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What Home Improvements are Tax-Deductible?



Are home improvements tax-deductible? If so, what home improvements are tax-deductible? These are important questions to ask yourself if you’ve renovated your home in the past year, or if you’re planning to. Let’s dive in a little deeper.


Is Your Home Improvement Project Tax-Deductible?

Several types of home improvement projects can be eligible for a tax write-off, but it ultimately comes down to what kind of remodel you’re completing and whether it’s classified as a repair or an improvement.


Repairs vs. Home Improvements

A repair is any modification that restores a home to its original state and/or value, according to the IRS. Home repairs are not tax-deductible, except in the case of home offices and rental properties that you own – more to come on that later in this guide. “Some examples [of home repairs] include replacing broken window panes, fixing a leaking faucet, fixing a hole in the carpet, replacing broken hardware, or replacing a few broken roof shingles,” shares the team at TaxSlayer.

An improvement is any modification that increases the value of your home. According to TaxSlayer, examples of improvements include adding a new driveway, a new roof, new siding, insulation in the attic, a new septic system or built-in appliances. Improvements are typically tax-deductible, but some are only deductible in the year the home is sold.

For instance, if you made a home improvement in 2013 and sold your house in 2020, any deductions you may be eligible for would be recognized on your 2020 tax return. Even if you’re not planning to sell your home in the next year, it’s important to thoroughly document any tax-deductible home improvements you make along the way so you can make the most of your upgrades when the time comes. If you’re unsure whether a repair or improvement is tax-deductible, contact a local tax accountant who can answer your questions about filing.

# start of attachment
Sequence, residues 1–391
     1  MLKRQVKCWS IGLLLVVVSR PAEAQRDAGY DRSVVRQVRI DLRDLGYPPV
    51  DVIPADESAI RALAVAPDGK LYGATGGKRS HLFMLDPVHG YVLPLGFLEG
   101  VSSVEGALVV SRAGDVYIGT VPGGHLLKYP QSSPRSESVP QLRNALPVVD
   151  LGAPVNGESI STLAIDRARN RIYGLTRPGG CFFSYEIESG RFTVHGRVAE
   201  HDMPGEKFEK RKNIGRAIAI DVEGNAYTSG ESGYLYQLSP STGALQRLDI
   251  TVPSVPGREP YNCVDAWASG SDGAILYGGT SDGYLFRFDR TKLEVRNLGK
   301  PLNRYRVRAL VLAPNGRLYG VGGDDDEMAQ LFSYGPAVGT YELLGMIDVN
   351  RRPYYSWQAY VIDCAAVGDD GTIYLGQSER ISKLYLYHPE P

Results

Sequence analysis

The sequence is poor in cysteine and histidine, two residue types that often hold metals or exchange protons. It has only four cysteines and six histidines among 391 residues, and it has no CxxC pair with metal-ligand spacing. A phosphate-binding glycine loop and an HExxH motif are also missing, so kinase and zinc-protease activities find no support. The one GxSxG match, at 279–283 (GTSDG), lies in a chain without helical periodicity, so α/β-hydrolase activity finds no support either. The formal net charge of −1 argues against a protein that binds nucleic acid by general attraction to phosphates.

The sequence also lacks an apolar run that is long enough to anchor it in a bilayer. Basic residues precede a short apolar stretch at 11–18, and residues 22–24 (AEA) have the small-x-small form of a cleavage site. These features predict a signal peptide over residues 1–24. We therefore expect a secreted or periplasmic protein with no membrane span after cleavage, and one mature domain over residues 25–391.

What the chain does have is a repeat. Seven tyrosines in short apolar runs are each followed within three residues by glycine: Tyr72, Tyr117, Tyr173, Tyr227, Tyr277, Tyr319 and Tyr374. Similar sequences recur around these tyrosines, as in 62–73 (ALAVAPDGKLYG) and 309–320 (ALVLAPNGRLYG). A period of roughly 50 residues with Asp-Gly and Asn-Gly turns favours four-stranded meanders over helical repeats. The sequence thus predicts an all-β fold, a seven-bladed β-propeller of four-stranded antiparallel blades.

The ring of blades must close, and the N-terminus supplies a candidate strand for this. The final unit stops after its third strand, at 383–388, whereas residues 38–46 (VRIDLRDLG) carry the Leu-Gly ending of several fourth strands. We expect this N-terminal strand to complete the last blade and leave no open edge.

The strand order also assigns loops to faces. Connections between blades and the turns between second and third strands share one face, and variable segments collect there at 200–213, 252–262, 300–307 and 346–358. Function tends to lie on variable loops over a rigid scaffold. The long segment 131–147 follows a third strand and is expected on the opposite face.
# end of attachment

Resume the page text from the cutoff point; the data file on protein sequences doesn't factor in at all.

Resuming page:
5 Home Improvements That are Tax-Deductible


1. Energy-Efficient Renovations

  • Type of Savings: Credit

  • When You Can Claim It: Same Year

On a 2020 tax return, homeowners can claim a credit for 10% of the cost for qualified energy-efficiency improvements, as well as the amount of the energy-related property expenditures paid or incurred during the taxable year (subject to the overall credit limit of $500).

“Tax law changes reduced what qualifies for the Residential Renewable Energy Tax Credit, only leaving improvements for solar energy intact,” shares TaxSlayer. “The new tax law states that credits for wind, geothermal, and fuel cell improvements are only good through tax year 2017. The solar credit will remain until 2019, and then it will be reduced every year through 2021.”

However, putting solar energy systems on new or existing homes can still result in a 30% credit of the total cost of installation. This credit is not limited to your primary residence and is even available for newly-constructed homes. Keep in mind that most eligible improvements for energy efficiency can be credited, but not deducted, within the same year.

Energy-Efficient Home Improvements With a Tax Credit:

  • Installing solar panels

  • Purchasing solar water heaters

  • Using small wind turbines

  • Replacing exterior doors or windows with ones that meet Energy Star program requirements



2. Home Improvements for Medical Care

  • Type of Savings: Deduction